As technology develops, we are expected to leverage it to its every capability. We are expected to search harder, dig deeper, and do more with the information that we [do not] have. Organizations are expected to read their customers, and determine what they are going to do, before they do it.
Years ago this was a shot in the dark. Today, with data collection and analysis becoming standard, we can better predict the actions of our customers. Organizations are able to collect massive amounts of raw data, but it is just simply that, raw. Data cannot tell us much in its raw form. It is not until data is analyzed that it becomes information and then knowledge that users can obtain. Analysts can then take this information, and knowledge to make predictions. What could happen? This has been predictive analytics. Now, with prescriptive analytics, the game has changed…
Predict vs. Prescribe
Predictive analytics are all about making educated guesses about unknown, future events, based off of historical data as outlined by Prescriptive Analytics Today. Prescriptive analytics takes it to the next step, by acknowledging the possible decisions, and then making recommendations based on them. With various parties in the mix we need to be able to customize our message and recommendations based on the industry. Let’s say that last Friday you bought a burger for dinner using an interact or credit card. This Friday, you may get an e-mail or push notification from the same restaurant, suggesting that you stop by. This technique goes beyond predicting that you may eat burgers on Fridays. It goes to suggest that you should get a burger this Friday because you got one last Friday or because you are nearby, as per your location services.
Prescription Analytics in Ports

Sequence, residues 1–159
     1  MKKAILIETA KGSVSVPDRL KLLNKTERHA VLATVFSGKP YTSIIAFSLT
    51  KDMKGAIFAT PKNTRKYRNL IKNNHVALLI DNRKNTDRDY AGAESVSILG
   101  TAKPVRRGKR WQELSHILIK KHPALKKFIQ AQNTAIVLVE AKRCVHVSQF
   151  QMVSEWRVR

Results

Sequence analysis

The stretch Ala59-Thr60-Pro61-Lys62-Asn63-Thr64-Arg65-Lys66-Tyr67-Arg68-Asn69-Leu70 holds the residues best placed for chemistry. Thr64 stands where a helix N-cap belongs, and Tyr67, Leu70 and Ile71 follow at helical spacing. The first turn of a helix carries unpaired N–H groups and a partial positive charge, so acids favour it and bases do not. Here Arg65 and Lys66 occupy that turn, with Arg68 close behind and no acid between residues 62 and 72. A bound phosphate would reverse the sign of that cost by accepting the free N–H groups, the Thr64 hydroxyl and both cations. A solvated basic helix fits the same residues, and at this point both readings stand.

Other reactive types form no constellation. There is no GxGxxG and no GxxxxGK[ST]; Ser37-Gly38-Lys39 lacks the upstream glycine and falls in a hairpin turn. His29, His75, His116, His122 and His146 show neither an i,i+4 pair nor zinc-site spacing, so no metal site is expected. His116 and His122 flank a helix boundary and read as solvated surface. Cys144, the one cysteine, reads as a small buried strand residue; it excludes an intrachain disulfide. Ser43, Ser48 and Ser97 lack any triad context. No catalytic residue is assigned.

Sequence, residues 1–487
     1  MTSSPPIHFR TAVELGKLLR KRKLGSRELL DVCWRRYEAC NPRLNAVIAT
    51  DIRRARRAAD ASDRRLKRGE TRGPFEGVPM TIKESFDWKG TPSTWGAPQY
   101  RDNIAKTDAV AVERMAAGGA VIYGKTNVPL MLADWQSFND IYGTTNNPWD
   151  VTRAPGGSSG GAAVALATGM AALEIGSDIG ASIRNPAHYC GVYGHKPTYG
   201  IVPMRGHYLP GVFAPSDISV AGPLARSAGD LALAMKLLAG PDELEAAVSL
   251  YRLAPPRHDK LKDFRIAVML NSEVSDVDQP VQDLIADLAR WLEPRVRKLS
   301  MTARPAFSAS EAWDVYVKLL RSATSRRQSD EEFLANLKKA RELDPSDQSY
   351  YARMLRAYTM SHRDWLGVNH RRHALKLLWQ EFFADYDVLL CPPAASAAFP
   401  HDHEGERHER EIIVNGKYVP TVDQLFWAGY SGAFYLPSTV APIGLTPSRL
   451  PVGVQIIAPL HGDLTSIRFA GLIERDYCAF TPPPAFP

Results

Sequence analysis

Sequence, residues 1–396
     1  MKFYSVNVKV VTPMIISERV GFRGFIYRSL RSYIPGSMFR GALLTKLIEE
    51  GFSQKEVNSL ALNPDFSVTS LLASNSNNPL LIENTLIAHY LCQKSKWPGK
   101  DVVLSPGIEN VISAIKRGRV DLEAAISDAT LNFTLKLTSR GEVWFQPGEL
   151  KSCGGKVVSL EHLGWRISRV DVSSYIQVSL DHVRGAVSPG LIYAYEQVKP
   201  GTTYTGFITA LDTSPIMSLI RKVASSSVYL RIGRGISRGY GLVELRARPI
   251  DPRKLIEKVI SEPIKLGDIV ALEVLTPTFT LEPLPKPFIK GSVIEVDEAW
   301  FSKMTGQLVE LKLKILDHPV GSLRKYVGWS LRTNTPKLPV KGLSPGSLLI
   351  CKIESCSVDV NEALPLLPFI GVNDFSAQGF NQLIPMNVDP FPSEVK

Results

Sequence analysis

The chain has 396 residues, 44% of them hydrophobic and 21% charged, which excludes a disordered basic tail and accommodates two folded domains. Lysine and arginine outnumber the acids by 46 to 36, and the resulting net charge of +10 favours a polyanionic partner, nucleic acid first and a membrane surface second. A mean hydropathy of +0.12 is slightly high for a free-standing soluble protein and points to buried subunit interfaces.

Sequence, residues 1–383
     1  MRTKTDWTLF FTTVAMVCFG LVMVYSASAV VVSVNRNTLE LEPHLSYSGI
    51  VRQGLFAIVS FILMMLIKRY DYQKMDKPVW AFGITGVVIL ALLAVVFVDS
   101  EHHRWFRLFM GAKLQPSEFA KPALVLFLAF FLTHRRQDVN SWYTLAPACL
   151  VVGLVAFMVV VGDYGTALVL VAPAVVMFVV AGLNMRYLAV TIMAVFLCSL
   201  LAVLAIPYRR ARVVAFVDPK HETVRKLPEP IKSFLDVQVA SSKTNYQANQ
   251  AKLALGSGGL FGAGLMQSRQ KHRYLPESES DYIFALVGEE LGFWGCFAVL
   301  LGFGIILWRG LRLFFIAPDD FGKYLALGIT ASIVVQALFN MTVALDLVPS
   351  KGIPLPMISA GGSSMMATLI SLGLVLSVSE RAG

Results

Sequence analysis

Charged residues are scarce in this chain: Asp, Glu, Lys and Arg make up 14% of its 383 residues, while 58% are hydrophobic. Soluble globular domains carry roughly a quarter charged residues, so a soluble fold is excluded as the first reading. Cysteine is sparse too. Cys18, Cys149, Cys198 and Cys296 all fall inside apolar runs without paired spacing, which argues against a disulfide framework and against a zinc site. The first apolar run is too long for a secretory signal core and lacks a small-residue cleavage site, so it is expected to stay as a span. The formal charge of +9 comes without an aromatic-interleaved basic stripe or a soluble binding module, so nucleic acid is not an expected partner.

With any sort of analytics one needs data. It is the same for the use of prescriptive analytics in ports. Over time, data is collected on various activities in and around the terminal. For example, when trucks come into the terminal, when they leave the terminal and their behaviors within. Based on the various times and resources that are transported, schedules can be made to optimize time. The overall goal here is efficiency and that is exactly the result with these analytics. With this data and systems that are constantly learning, it has the potential to not only predict late trucks and no shows, but act on it. Also, by knowing which trucks are in the queue and picking up what, the terminals can better plan and reduce unloading time.
Prescription Analytics on Roads
The same can be done for the roadways, in the monitored areas. The roads are important for the movement of not only people but goods. Their timely arrival is an essential part of the supply chain. When there are accidents on the roads or general congestion, drivers can and should be notified and prescribed a different route in advance so that they are able to avoid the congestion. It may communicate the times to get to various points, based on other motorists up ahead that have just travelled that path, based on V2V communication or through crossing checkpoints.
Prescription Analytics at Borders
Borders are infamous for their long wait times. Selecting which lane to get into when crossing is another battle – some are much faster than others. If a computer could collect data, make predictions based on the data and suggest an itinerary for crossing the border, it would take the guessing out of it all. “Leave your house at time x, and take this route. That would have you arriving at the border at time y, which is your scheduled time. Follow the instructions and go through lane z. Then continue on the recommended route to your destination.” What was once a stressful situation is now viewed as simple and easy.
Organizations will adopt this new era of prescriptive analytics as it has the potential to increase efficiency. This is saving time, money, and the environment in this case, without idling. With tools like predictive and prescriptive analytics organizations will be able to do just that. As technology advances, analytics and its capabilities will evolve. Systems are constantly learning based on its exposure, commonly known as machine learning. Not leveraging technology to its every ability is a thing of the past. Systems now a days are catching patterns and trends that we may not catch right away or even at all!